It’s hard to take a trip to your local game store and not see the massive shelf full of volumes from Fantasy Flight Games’ Star Wars RPG. Three core rulebooks, adventures, supplements, and many decks of cards later, this system has evolved into one of the most developed and prolific titles on the market. It’s also a regular on the top-selling RPG products lists.
We’re looking at the three core books in the series: Edge of Empire, Age of Rebellion, and Force and Destiny. While all three books share a core set of mechanics, each explores a very different part of the Star Wars universe and its associated aliens, ships, and adventure. This review is for all three books since it’s the only way to get the full picture of what Fantasy Flight accomplishes with their series, and the ways that they build interesting and richly detailed characters for both players and the GM alike.
What is Star Wars RPG?
The Star Wars RPG (SWRPG) system takes place during the timeline of the original trilogy of movies, and it consists of three core lines of products, each differentiated by a color. White books belong to the Edge of Empire series, set in the outer rim of the explored universe and where you would expect to find scoundrels, bounty hunters, and a lack of Imperial presence. Red books belong to the Age of Rebellion series, set in the thick of the Rebellion against the Empire, and it’s the more military-minded campaign setting that takes place primarily in the core worlds. Finally, you have the Force and Destiny series, indicated by the color black, dedicated to the fan-favorite Jedi, who are still alive and hiding from the extermination efforts of the Empire.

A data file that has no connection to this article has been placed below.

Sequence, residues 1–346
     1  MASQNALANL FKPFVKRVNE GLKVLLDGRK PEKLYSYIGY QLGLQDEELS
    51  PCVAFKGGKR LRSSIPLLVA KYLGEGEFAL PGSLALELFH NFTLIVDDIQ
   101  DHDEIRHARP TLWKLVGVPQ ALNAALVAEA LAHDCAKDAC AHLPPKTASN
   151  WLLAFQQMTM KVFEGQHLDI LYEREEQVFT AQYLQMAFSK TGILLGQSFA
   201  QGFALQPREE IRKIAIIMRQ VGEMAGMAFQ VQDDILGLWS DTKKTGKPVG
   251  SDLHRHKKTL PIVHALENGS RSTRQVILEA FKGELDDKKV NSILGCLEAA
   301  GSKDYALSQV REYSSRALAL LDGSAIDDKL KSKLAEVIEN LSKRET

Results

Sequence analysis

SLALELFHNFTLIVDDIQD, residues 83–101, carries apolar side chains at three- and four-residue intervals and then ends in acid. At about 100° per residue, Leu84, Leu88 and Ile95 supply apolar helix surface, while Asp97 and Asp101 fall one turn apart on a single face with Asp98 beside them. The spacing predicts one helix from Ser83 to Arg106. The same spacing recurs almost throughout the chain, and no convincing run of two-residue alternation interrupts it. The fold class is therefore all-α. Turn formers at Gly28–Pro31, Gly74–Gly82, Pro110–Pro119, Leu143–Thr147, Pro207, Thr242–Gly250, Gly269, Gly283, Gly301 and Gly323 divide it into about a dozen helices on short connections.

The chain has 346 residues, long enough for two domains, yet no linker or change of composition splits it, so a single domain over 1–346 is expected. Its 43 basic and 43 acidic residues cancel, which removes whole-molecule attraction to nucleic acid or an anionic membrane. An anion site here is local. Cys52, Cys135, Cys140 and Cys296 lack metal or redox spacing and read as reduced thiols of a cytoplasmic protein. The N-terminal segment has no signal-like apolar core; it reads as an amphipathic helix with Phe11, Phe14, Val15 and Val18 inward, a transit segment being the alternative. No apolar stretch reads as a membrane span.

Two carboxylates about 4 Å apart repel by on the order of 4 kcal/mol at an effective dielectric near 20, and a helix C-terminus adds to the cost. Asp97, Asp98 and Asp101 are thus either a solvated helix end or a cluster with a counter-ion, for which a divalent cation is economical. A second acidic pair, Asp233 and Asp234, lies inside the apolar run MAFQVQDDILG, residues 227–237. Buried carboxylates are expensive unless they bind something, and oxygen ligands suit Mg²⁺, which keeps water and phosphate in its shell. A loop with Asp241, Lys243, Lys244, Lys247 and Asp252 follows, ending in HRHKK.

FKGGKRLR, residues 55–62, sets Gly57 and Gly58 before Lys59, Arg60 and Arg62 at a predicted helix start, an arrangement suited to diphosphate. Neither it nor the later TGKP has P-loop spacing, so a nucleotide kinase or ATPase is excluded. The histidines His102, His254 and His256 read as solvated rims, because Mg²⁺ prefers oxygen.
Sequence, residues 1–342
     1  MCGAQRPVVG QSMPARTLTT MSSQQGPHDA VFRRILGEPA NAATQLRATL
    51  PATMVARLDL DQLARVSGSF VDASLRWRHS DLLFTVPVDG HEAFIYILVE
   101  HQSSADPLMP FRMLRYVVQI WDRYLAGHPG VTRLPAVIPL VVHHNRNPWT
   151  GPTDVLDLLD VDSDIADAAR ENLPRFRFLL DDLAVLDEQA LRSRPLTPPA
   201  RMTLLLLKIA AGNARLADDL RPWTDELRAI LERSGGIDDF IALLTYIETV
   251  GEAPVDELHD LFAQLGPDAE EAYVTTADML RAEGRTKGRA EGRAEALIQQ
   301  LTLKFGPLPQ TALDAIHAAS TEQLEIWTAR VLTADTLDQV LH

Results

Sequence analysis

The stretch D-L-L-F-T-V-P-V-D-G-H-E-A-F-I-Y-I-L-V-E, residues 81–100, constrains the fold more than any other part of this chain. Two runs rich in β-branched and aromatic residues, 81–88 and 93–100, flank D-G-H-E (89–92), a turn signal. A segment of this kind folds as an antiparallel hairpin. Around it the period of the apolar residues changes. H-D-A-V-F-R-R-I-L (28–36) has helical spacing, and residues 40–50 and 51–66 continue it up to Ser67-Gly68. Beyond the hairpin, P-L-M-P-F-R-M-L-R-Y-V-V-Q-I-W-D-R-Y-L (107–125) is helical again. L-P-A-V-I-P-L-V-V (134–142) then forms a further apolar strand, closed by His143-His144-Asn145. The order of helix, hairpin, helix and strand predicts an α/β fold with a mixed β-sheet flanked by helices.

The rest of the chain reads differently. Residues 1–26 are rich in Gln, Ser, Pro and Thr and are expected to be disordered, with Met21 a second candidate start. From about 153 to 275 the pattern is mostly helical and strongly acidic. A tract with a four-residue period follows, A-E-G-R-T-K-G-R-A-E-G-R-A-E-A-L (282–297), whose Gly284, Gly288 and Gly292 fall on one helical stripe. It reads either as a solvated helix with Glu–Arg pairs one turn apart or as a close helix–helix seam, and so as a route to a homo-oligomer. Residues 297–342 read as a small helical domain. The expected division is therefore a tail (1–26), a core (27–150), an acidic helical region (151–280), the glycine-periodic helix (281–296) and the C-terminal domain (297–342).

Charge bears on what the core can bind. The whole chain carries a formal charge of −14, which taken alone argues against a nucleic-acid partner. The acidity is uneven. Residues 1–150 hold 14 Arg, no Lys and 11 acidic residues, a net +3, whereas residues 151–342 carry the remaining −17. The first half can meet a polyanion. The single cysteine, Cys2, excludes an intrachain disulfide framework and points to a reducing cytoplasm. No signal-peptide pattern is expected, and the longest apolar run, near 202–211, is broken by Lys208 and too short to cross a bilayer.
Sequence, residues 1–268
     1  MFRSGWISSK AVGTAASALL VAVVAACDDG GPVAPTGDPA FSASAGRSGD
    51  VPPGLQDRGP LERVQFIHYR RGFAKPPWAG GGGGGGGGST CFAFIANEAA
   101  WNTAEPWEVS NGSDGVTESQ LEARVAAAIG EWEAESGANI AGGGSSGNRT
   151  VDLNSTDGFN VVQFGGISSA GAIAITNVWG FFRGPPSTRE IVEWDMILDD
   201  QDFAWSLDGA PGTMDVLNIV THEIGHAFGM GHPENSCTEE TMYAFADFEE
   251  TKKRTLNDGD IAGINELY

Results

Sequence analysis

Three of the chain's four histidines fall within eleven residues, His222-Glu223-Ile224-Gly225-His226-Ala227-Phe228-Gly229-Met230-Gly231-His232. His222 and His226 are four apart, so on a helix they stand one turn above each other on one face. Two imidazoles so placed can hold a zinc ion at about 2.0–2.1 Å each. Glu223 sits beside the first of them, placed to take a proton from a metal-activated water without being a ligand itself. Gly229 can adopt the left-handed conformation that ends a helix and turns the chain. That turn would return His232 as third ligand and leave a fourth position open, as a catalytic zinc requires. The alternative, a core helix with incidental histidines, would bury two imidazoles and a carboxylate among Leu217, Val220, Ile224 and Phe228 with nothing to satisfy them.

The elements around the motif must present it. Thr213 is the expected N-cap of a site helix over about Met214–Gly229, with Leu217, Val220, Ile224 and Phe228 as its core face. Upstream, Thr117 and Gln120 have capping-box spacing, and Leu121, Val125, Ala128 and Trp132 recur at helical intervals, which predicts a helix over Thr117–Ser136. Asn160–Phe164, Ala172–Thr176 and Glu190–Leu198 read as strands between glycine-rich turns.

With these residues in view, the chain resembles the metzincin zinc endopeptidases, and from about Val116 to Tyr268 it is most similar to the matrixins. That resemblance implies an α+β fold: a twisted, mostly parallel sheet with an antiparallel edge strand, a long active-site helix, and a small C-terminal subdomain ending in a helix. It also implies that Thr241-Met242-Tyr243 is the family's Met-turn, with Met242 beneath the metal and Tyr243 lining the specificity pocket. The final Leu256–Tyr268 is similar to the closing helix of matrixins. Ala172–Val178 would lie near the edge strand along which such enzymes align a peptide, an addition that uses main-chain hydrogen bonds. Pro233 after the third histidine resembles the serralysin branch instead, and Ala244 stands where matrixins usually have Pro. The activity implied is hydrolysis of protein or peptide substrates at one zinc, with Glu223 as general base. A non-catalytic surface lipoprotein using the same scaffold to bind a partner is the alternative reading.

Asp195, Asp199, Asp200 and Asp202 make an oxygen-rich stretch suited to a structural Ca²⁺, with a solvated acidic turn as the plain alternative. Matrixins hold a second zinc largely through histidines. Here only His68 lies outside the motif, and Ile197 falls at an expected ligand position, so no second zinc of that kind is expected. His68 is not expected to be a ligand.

You are not restricted to selecting just one playground either, as the systems are designed from the ground up to be fully compatible with each other. A core set of mechanics governs all play, while each book adds specific modifiers depending on the subject matter. The focus of SWRPG is narrative storytelling, and it sets up grand cinematic moments regularly, which captures and re-creates the magic of the Star Wars universe.
Character creation in SWRPG is streamlined to focus heavily on your character’s background, forming narrative hooks for use during play. The first step is to determine your character’s background. This is handled a bit differently in the three systems. In Edge of Empire, you focus on what life was like in the Outer Rim. Generally, this creates a background that starts with either a lower or middle class upbringing, and gives your character many opportunities to form the trials and tribulations that has shaped his/her personality and outlook. Life in the Outer Rim is harder than in the core worlds, so poverty and strife will most likely be a part of it.
On the other end of the spectrum is the Age of Rebellion and the relatively easy life had by most people in the core worlds. Here, backgrounds focus on the reasons that pushes them towards the Rebellion, and how they developed their opinions towards the Empire. Many of these backgrounds include extensive education opportunities due to the higher availability of schools in the regions.
Finally, in Force and Destiny, the backgrounds deal with the life of a force-sensitive character in the Empire-controlled universe. These backgrounds deal more with local cultures, with a range of technically-savvy to primitive backwater worlds. These characters have had to deal with being different, all the while controlling (or containing) their burgeoning power, whether it’s the light or dark side. All the while, they have to remain secretive, as the Empire and its spies are always on the hunt for force-sensitive beings.